The Department of Defense has a transparency problem, and Congress knows it. The department has long not complied or undercomplied with its legal obligations to provide lawmakers with reports and notifications about military activity. Recently, Congress has begun to push back — gently — on these shortfalls. In 2019, Congress required the department to prepare a plan for standardizing its submission of reports. And in 2021, Congress required the department to publish biannual lists of the reports it submitted. Unfortunately, these modest efforts have not led to improved military transparency. More robust action from Congress may be necessary to overcome the Department of Defense’s persistent failure to give information to lawmakers.
Through a Freedom of Information Act request, the Brennan Center obtained a copy of the Department of Defense’s plan for standardizing its submission of reports — a document titled A Report on Reports. Instead of proposing concrete steps for the department to take, the plan is rife with blame shifting, legal misinterpretation, and an implicit unwillingness to follow the law.
In the Report on Reports, the Department of Defense describes itself as “eager to improve its reports process” but frustrated in this endeavor by Congress. Apparently, “only Congress can implement many of the key reforms necessary” to ensure that the department submits its reports on time. The Report on Reports proposes no changes to department protocols to meet this goal. Instead, it assigns Congress a range of tasks and reforms.
Chief among the Department of Defense’s asks is that Congress compile and include in each National Defense Authorization Act a list of reports that the department must submit. Per the Report on Reports, compiling this kind of list — by combing through the provisions of the National Defense Authorization Act — can take the department as long as three months, delaying report production. This, in and of itself, is preposterous. A single person reviewing a National Defense Authorization Act should be able to identify the reporting requirements in a week’s time; Brennan Center staff have done as much. Even more absurd is the department’s suggestion that Congress, with its $7 billion annual budget, should take on administrative responsibilities that are too burdensome for the military, which commands an annual budget of $816 billion. The department has ample resources to comply with the law and enable Congress to oversee military affairs. It simply has not prioritized doing so.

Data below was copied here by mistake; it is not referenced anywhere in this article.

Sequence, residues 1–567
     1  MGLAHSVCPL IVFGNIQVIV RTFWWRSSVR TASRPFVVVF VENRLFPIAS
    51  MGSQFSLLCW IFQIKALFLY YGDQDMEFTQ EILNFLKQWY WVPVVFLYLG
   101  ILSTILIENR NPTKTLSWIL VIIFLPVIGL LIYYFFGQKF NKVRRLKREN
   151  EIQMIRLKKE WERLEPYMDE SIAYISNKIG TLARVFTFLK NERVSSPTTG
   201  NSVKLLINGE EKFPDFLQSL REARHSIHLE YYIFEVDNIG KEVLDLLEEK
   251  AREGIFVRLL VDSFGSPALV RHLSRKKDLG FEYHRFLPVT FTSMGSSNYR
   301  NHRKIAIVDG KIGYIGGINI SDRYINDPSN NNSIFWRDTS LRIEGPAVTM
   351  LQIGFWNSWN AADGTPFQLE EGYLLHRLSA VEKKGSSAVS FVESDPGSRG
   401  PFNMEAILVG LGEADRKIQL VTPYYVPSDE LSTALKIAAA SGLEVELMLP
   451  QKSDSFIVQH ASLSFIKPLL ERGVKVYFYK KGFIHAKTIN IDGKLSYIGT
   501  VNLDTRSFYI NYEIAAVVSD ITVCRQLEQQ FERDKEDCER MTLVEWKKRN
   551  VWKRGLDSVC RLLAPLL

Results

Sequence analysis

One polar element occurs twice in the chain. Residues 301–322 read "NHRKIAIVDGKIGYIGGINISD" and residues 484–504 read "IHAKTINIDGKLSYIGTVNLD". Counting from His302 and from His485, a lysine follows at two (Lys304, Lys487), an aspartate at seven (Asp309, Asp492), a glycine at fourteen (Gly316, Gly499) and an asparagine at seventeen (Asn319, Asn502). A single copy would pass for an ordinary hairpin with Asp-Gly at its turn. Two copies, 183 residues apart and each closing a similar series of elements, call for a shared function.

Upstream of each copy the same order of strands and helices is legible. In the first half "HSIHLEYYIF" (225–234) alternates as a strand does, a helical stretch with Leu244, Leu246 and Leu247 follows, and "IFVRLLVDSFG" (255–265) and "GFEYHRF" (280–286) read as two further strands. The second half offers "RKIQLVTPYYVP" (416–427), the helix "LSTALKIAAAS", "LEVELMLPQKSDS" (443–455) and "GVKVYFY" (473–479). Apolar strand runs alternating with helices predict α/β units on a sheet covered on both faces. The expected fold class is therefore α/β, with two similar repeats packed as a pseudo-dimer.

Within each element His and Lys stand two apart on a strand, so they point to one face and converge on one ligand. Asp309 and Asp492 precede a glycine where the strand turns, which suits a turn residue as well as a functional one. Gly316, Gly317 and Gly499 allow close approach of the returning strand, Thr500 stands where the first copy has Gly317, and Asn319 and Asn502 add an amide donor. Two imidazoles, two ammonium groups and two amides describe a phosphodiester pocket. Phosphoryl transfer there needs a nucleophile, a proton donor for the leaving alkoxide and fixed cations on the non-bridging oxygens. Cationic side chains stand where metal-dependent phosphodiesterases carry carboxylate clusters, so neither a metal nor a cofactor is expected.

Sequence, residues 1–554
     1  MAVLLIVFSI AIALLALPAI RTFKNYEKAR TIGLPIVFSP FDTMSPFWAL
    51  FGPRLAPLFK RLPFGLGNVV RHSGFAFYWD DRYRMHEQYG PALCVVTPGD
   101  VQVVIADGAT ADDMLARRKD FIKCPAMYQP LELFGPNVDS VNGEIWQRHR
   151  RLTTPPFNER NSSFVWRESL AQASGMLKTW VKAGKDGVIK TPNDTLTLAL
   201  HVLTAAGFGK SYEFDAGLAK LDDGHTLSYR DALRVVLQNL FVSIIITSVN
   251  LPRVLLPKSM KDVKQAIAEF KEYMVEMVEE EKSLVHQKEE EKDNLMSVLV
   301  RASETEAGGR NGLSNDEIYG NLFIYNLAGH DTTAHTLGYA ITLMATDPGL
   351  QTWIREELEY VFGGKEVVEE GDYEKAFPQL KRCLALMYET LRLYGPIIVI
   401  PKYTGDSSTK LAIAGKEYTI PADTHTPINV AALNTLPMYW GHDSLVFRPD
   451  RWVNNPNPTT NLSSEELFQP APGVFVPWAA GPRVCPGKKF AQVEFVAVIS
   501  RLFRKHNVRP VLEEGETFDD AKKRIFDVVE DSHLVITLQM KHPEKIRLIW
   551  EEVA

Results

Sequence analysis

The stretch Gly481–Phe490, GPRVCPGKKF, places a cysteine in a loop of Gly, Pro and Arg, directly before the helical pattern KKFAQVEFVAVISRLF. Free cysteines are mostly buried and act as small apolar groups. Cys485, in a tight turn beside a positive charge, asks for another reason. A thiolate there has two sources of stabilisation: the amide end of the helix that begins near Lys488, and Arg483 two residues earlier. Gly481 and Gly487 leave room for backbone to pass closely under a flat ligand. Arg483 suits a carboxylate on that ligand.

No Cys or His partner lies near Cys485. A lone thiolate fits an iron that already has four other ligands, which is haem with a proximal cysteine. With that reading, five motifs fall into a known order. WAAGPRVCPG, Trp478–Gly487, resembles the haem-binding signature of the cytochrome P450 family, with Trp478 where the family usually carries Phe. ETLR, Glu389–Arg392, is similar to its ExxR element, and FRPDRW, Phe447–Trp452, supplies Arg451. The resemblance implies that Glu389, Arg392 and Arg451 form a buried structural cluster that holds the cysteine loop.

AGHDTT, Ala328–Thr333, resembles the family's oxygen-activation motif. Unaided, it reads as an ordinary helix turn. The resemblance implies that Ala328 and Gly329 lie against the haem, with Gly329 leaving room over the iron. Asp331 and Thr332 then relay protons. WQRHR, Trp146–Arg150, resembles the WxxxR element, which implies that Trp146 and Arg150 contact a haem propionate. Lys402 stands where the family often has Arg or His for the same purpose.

The Department of Defense also claims that its report compliance is hampered by Congress’s enactment of Section 480 of Title 10 of the U.S. Code, a law that allegedly “mandates default delivery of reports in hardcopy.” The Report on Reports highlights the “logistical problems” and “considerable expenditures” caused by the supposed requirement to submit physical reports. This excuse is wafer-thin, particularly given the text of Section 480, which actually directs the secretary of defense to submit reports “in an electronic medium” — the opposite of what the Report on Reports claims. Although classified reports are exempted from Section 480’s electronic submission requirement, nothing in the law says that classified reports must be submitted in hard copy and cannot be submitted electronically.